California wildfires are close to home for many UP students

By Havi Stewart | November 1, 2019 3:51pm
ca-fire

Firefighters gather at a disaster support camp in Santa Rosa, California. Photo courtesy of Rob Stewart.

Several University of Portland students have been affected by multiple fires burning in California. More than 26 million people are under red flag warnings of fire risk due to high temperatures, low humidity and strong winds. Along with evacuations, half a million people throughout California have been also experiencing by day-long power outages by Pacific Gas and Electric (PG&E). 

The Kincade Fire is California’s largest active wildfire and has burned more than 77,758 acres of Northern California and Sonoma County since Oct. 23, and has destroyed more than 180 structures, including 86 homes. As of Friday morning, the Kincade Fire is 68% contained. As of Friday, Nov. 1, the mandatory evacuation in Sonoma County alone includes 180,000 residents.

The Easy Fire also broke out the morning of Wednesday, Oct. 30, in Southern California’s Simi Valley — about 30 miles outside of downtown Los Angeles. It has now burned almost 2,000 acres and is 80% contained. The Getty Fire in Los Angeles County has also destroyed at least eight homes since starting early Monday, Oct. 28. It has burned about 745 acres and is 66% contained.

As the largest state represented on campus, California is home to 28.9% of the student body. Several UP students’ families have even been evacuated from their homes. Among these students is junior Macey Schondel from Santa Rosa, California.

The sunset by the Sonoma County Fairgrounds in Santa Rosa, California was bright red and orange due to the nearby wildfires. Photo courtesy of Rob Stewart.

 

Schondel was working on homework when she received a text from a friend in Santa Rosa alerting her of the fire. Schondel said this experience was similar to finding out about the fire that took place last year.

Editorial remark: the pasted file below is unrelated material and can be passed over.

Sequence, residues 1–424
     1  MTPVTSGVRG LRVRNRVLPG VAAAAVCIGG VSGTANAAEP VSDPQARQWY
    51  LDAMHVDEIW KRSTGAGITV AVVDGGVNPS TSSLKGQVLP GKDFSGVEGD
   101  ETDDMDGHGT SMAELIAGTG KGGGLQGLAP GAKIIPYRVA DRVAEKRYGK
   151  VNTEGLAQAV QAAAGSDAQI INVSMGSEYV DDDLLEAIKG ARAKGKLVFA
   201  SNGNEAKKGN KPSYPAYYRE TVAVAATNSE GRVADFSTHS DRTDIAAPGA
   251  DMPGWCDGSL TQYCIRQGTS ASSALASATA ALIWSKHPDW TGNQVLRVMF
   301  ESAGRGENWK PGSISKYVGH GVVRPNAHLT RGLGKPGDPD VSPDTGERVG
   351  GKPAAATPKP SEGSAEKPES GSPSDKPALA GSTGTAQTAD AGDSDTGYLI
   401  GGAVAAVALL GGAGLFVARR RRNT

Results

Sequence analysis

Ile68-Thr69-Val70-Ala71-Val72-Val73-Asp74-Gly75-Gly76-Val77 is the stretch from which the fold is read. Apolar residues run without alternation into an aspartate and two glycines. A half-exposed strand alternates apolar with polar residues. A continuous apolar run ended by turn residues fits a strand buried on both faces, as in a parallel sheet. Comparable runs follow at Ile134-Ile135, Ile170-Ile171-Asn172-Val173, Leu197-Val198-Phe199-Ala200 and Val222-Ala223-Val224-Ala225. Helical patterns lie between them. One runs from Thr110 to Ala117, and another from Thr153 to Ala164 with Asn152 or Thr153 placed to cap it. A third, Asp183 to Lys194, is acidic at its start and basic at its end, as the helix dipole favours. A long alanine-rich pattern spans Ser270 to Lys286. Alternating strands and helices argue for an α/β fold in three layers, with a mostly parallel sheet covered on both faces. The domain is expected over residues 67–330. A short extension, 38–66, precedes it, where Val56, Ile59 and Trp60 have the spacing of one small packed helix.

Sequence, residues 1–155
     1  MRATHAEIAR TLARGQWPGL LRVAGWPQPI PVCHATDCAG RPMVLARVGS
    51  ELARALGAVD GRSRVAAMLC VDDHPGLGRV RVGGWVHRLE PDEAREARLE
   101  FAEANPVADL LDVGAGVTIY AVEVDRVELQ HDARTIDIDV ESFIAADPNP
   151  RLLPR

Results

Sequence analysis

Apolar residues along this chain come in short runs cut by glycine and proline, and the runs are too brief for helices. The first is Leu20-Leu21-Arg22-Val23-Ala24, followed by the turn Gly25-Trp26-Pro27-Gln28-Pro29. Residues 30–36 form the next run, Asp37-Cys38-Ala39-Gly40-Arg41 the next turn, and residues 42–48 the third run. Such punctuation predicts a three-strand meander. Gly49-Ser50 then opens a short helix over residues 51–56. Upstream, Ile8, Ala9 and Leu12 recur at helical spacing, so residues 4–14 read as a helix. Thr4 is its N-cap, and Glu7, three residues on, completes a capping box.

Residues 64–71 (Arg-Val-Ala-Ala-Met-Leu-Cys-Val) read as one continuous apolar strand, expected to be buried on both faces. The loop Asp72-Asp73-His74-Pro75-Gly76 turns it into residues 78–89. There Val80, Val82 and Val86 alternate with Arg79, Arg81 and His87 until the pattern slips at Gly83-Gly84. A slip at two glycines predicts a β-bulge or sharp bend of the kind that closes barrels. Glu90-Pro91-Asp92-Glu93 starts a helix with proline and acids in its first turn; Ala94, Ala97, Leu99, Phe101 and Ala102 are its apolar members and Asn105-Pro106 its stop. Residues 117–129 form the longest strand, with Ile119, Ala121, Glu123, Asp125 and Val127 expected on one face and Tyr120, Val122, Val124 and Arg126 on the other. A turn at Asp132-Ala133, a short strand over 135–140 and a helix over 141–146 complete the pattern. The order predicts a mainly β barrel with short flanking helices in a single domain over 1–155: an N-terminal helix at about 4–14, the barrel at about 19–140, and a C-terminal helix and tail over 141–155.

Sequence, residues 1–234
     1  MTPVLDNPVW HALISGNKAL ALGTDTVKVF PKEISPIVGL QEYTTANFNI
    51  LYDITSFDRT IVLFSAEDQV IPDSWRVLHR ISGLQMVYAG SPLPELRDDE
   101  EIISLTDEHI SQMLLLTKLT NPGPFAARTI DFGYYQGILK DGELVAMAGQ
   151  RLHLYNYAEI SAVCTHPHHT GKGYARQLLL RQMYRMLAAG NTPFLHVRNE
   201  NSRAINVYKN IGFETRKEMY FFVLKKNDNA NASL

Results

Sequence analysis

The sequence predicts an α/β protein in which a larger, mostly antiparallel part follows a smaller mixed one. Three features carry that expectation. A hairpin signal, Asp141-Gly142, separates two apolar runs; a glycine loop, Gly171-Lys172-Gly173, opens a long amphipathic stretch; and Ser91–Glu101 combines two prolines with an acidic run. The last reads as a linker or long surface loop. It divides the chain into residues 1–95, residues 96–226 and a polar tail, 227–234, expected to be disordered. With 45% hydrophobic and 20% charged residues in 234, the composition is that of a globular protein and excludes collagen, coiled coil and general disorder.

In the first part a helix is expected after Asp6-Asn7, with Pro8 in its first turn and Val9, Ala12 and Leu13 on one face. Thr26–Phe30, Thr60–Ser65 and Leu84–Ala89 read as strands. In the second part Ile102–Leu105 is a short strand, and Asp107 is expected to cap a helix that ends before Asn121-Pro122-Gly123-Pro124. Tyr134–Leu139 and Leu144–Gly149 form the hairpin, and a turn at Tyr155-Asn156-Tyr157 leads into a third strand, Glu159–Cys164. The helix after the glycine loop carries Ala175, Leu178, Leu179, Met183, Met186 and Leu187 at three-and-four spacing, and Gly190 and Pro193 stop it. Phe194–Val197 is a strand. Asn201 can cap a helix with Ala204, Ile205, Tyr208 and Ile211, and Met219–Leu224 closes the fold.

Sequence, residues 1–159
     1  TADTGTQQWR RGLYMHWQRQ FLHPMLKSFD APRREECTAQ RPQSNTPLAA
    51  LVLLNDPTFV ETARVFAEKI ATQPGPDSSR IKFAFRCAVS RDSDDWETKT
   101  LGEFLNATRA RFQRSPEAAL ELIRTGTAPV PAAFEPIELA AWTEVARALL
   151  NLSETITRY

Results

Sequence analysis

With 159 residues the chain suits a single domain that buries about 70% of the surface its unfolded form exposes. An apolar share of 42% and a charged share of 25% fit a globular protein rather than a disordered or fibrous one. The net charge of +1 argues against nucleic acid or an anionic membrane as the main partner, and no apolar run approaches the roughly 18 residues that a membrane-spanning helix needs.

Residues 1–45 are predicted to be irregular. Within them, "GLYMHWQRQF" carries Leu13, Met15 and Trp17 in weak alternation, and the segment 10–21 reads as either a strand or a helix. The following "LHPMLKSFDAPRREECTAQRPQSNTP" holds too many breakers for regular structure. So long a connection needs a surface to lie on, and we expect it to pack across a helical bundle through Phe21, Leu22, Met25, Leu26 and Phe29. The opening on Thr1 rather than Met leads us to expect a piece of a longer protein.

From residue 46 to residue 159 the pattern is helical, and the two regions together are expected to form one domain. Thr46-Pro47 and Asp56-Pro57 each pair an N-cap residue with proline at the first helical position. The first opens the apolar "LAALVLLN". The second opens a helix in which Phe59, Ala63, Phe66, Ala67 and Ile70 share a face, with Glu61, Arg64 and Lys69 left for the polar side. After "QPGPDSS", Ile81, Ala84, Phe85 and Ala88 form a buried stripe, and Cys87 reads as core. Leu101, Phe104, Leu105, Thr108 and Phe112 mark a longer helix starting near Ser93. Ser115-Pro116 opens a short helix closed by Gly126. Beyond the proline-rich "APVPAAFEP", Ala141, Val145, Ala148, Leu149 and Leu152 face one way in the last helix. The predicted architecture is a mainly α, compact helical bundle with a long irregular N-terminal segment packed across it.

“The worst part about it is being away. I know, even if I was there, I couldn't actually do anything. But I feel so helpless being here and watching it happen,” Schondel said. “I sit at my computer and just watch the fire get closer and closer to my house and all my friends' houses, and it's the most terrifying experience because I can't do anything but watch the little red circle grow.”

In previous years, fires have devastated the same communities that are currently under threat. UP junior Dominic Triolo from San Rafael, California, has watched his city and loved ones repeatedly face fire threats. 

“I remember last year a lot of my friends’ houses burned and they rebuild and now they're just being evacuated again,” Triolo said. “A lot of my community down there is evacuated or burning and there's really nothing I can do but sit here and watch. It's very surreal.”

As of Wednesday, Triolo’s family and house were not in imminent danger but have been affected by the fires in other ways, including the multiple day-long power outages and poor air quality restricting people from going outdoors. 

According to PG&E, the power outages are a precautionary public safety measure after the 2018 Camp Fire caused by electrical transmission lines owned by PG&E killed 85 people and destroyed almost 19,00 homes.

But the blackouts have also caused some cell towers to lose power, resulting in little to no cell service in some areas. 

Junior Jesse Persing from San Martin, California, said his family has been experiencing these day-long power outages that restrict members of the community from carrying out the routines of their day-to-day lives.

“I think PG&E has wasted a lot of money, dumping resources into keeping their shareholders happy, when in reality, they should be investing time and money into replacing their infrastructure so that we don't ever have to deal with this again,” Persing said.

Persing is not only facing the effects of the Northern California fires, but the Southern ones outside Los Angeles, as well. Persing’s younger sister goes to Chapman University in Orange, California, where blankets of smoke have caused worsening air quality.  

Fourteen of the 20 most destructive fires in California state history have occurred over the past 12 years, making these fires a repeated danger to California residents. 

“It's frustrating that it's becoming a yearly thing,” Persing said. “This is something that we have to worry about every single year. It will continue to get worse and worse unless we do something about it. It has done millions of dollars and property damage. People are dying. It’s really sad.”

Havi Stewart is a reporter for The Beacon. She can be reached at stewarth22@up.edu

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